It seems like we had been traveling for days on bumpy roads, so it was a relief to be on the smooth, paved road from Nairobi toward Nakuru and the Great Rift Valley. We passed many sights; small villages selling fruit and other products and fields of arrowroot, tea and Eucalyptus crops.Then we came upon green fields along the sides of the road that caught my eye… coffee.
Since studying horticulture and having an extensive plant collection myself, including one coffee plant, I wanted to stop and touch these coffee plants. Instead I just took a close up picture and looked over the vast dark green field. I have always found this an attractive plant and now I could see it in its home environment, rather than on my porch. The coffee plant has shiny leaves and red berries, which Kenya’s beautiful landscape has displayed for decades, this being one of their largest cash crops. Inside these bright red berries there are two seeds, which are the green coffee beans. After a careful roasting and brewing, this is the beginning of the day for much of the world.
I am accompanying my professor and a group of students from George Mason University on a winter conservation program tour. As we traveled around we had the opportunity to meet with many people active in conservation in conservancies, sanctuaries, in animal orphanages and with endangered species. One day we had the opportunity to visit the African Wildlife Foundation and spend some time learning about their projects and responsibilities. I left impressed with the intricacies of conservation and the variety of skills needed for this position. They have the difficult task of balancing the need to protect the environment while keeping economics and social equity in mind; it is a complicated business.
I wanted to learn more about Kenyan coffee, although I still hadn’t tasted any. This land is composed of rich volcanic soil, which in combination with the cool highlands near the equator produces some of the best coffee in the world—primarily the flavorful Arabica coffee. It has been described to have bright acidity sweetness with a dry winy aftertaste and some say it has a black current flavor and is complex and savory. Similar to a wine, this coffee is grown in the perfect environmental condition, using one type of bean in the best growing place.
However you might describe this coffee, it demands a high price on the coffee market because of these qualities. Kenyans take their coffee seriously; having a Coffee Board, a Coffee School and a Coffee Research Foundation. The foundation is an institution of research and development that concentrates on sustainable prosperity for the coffee industry. The college focuses on a sustainable system for the coffee industry by training and the provision of materials and hospitality services. It is also an efficient information exchange forum for students, researchers, farmers and others involved coffee sectors.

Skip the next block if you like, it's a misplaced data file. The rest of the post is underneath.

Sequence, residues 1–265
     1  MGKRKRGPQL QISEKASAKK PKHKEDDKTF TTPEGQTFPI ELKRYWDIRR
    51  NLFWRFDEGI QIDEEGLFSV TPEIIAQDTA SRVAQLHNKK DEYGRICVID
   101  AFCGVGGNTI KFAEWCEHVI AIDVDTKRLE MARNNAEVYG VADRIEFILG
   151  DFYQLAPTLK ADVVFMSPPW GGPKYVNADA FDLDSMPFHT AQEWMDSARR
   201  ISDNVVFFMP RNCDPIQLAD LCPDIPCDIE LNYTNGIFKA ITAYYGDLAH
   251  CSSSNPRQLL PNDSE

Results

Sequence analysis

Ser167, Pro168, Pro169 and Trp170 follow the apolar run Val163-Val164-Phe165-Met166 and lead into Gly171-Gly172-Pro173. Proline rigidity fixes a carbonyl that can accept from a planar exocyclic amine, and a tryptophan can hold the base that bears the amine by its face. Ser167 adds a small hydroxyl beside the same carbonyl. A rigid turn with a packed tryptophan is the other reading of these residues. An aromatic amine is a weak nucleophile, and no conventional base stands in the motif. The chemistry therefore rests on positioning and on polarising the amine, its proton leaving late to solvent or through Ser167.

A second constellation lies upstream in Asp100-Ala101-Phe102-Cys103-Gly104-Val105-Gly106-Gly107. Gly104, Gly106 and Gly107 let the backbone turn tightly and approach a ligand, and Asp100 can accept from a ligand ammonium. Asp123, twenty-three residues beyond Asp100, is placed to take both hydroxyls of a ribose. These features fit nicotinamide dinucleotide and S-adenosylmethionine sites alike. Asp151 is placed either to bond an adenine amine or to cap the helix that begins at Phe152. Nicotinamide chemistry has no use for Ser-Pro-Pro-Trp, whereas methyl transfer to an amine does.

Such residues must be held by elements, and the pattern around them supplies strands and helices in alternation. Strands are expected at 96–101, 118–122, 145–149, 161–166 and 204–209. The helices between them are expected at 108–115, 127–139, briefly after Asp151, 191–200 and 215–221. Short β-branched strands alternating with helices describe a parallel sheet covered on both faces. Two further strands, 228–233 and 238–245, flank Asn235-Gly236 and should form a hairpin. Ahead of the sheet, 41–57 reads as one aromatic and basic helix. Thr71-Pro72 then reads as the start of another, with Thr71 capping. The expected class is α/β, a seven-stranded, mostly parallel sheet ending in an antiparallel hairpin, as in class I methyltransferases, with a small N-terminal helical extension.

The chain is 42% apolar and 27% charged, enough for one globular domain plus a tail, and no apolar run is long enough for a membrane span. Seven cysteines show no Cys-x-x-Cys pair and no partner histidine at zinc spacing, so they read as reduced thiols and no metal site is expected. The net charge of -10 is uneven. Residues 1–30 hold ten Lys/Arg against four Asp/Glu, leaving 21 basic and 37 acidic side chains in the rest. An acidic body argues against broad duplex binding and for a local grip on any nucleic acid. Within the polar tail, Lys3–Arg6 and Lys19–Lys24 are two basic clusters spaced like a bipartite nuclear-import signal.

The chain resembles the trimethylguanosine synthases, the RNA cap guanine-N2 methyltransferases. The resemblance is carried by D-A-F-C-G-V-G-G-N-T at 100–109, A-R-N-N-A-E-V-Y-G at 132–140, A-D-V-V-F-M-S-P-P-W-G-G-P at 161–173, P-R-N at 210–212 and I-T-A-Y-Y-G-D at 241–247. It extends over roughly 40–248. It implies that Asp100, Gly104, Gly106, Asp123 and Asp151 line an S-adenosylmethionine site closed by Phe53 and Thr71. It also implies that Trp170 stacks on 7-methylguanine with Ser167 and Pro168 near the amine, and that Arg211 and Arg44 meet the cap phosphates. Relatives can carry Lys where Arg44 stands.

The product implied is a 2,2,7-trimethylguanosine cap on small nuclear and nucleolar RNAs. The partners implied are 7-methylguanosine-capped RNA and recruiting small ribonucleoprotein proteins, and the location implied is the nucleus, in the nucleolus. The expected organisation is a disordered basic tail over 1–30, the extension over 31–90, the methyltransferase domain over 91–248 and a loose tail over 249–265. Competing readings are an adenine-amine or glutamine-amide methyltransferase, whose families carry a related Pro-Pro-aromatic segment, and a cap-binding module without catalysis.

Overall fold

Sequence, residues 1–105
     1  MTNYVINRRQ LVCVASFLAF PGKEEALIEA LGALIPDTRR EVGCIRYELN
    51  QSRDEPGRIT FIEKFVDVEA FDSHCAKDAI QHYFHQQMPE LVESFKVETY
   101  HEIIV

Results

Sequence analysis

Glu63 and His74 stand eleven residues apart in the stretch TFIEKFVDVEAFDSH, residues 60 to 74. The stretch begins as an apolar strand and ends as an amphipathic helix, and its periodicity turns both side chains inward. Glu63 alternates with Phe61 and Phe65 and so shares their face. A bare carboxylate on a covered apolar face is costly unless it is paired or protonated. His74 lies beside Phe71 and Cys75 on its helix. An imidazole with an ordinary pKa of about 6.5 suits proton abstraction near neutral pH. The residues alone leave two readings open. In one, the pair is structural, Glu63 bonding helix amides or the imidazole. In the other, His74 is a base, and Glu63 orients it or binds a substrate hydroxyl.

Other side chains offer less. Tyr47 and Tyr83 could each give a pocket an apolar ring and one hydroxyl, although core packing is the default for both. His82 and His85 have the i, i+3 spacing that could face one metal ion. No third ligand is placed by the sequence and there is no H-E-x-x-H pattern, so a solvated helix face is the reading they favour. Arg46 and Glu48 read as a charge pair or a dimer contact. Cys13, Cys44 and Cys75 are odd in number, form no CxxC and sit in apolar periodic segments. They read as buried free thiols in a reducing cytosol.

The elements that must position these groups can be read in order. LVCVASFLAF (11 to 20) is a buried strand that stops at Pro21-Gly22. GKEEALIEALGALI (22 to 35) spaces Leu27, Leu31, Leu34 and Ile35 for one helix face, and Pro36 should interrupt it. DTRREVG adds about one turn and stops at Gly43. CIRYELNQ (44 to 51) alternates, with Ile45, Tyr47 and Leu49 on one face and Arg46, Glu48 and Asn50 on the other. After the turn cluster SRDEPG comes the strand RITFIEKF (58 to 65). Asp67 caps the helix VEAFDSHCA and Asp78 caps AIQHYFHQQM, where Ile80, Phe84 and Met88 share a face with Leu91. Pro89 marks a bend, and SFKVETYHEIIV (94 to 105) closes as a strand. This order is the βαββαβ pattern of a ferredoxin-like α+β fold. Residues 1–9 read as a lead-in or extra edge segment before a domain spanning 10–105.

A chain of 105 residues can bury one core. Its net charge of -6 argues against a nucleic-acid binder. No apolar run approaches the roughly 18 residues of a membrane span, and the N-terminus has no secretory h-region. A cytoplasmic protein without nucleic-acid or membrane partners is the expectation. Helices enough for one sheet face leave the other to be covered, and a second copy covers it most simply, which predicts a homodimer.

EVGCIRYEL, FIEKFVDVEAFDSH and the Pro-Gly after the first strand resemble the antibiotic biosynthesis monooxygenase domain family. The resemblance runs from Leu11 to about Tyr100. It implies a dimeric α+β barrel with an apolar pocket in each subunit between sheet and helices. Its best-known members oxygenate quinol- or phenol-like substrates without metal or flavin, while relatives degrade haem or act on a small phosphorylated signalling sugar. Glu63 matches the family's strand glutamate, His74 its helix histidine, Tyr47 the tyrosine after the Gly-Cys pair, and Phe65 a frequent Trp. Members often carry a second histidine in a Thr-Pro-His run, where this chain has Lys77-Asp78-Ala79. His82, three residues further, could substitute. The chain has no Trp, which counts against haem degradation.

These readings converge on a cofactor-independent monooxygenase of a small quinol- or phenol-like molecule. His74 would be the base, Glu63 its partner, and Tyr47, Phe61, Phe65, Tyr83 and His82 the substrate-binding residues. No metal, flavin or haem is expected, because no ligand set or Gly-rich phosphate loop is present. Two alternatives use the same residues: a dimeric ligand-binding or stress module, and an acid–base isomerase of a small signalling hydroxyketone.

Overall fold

Small and large farms grow the coffee which the government sells pools which are bid upon in which the producers get a fair average price the coffee. The government also rewards farmers for producing better coffee, which leads to steady improvements. Another method of maintaining social equity for laborers is the attention from companies such as Starbucks Coffee Company, AGRO Café, Grounds for Change and Counter Culture Coffee for Fair-Trade coffee. These companies embrace the vision of everyone involved in the production of coffee deserves the right to benefit. This means the farmer and the community prosper and market trends will not rob them of this because of minimum prices for products.
Since coffee is a crop that is burgeoning worldwide, it is important to see how this fits into conservation while remaining organic and profitable in Kenya. Their coffee is ecologically produced using no fertilizers, pesticides or herbicides, and the recycled plant residues are used as mulch. This manner of crop growing enhances biodiversity by creating a closed loop ecological process, which has a minimum negative impact on the air, water and soil as well as keeping erosion in check. The coffee shares the land with fruit trees, creating another crop while reducing the air temperature and conserving the moisture in the soil. Because production is dependent on rainfall, mulch and irrigation, the shallow feeder roots on the surface are more protected and effective while shaded. Terracing, grass strips and cover crops are other methods of creating environmental diversity and cooling the land.
There are other strategies in place for farmers and for the future, including addressing global warming issues. The Climate Change Response Strategy of Kenya is pivotal to government policies involving food and water stress as well as adaption to climate changes. This forward thinking will protect agriculture, tourism, wildlife, energy, water and the people for the future. Oh, and most Kenyans drink tea!
This is a guest blog from George Mason University's Kenya Ecology and Conservation course with instructor Ryan Valdez. The students stayed at the research centre of the Ol Pejeta Conservancy while in Africa and visited AWF's headquarters to learn about conservation and share their experiences.
Leslie Funk was a student in George Mason University's Kenya Ecology and Conservation course with instructor Ryan Valdez. She has a passion for horticulture and was thrilled to visit Kenya's coffee farms during her trip.
AWF Blogs bring you to the critical landscapes we work in, where conservation benefits both wildlife and people alike. The blogs are written by our staff - men and women who have dedicated their lives to Africa's wildlife, people and wild lands.
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